LESSON XXIII.-SUCCESS OF THE GOSPEL.-WAYLAND.
[To be marked for Inflections, by the reader.]
The assumption that the cause of Christianity is declining, is utterly gratuitous. We think it not difficult to prove that the distinctive principles we so much venerate, never swayed so powerful an influence over the destinies 5 of the human race, as at this very moment. Point us to those nations of the earth, to which moral and intellectual cultivation, inexhaustible resources, progress in arts, and sagacity in council, have assigned the highest rank in political importance; and you point us to nations, whose re 10 ligious opinions are most closely allied to those we cherish. Besides, when was there a period, since the days of the Apostles, in which so many converts have been made to these principles, as have been made, both from Christian and pagan nations, within the last five and 15 twenty years? Never did the people of the saints of the Most High, look so much like going forth in serious earnest, to take possession of the kingdom and dominion, and the greatness of the kingdom under the whole heaven, as at this very day.
But suppose the cause did seem declining, we should see no reason to relax our exertions, for Jesus Christ has said, Preach the gospel to every creature; and appearances, whether prosperous or adverse, alter not the obligation to obey a positive command of Almighty God. 25 Again, suppose all that is affirmed were true. If it must be, let it be. Let the dark cloud of infidelity overspread Europe, cross the ocean, and cover our beloved land,-let nation after nation swerve from the faith,-let iniquity abound, and the love of many wax cold, even until there 30 is on the face of this earth, but one pure church of our Lord and Saviour Jesus Christ, all we ask is, that we may be members of that one church. God grant that we may throw ourselves into this Thermopyla of the moral universe.'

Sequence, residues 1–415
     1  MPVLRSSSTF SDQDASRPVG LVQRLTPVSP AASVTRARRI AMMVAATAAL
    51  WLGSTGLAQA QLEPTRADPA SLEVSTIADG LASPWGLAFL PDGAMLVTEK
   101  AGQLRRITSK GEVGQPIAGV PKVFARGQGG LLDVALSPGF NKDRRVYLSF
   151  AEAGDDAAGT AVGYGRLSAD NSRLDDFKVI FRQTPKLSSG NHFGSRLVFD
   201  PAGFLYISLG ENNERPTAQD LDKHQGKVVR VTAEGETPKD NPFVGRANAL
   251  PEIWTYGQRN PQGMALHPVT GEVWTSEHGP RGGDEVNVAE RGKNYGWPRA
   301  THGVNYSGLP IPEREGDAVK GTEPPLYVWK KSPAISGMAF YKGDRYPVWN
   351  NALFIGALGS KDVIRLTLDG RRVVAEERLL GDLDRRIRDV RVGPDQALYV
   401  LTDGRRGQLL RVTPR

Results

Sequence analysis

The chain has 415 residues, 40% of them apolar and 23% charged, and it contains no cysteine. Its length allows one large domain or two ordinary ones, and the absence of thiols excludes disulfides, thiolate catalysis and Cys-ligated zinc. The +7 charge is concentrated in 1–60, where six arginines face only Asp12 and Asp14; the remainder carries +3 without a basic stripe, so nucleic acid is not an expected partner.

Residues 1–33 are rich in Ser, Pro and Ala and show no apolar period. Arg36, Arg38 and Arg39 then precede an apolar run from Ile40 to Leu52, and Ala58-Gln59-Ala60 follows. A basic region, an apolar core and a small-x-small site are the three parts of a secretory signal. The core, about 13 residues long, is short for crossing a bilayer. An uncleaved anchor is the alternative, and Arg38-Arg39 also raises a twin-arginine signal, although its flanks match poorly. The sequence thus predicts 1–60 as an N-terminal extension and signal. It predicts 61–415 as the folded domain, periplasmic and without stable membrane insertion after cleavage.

But even then, we should have no fear that the church of God would be exterminated. We would call to re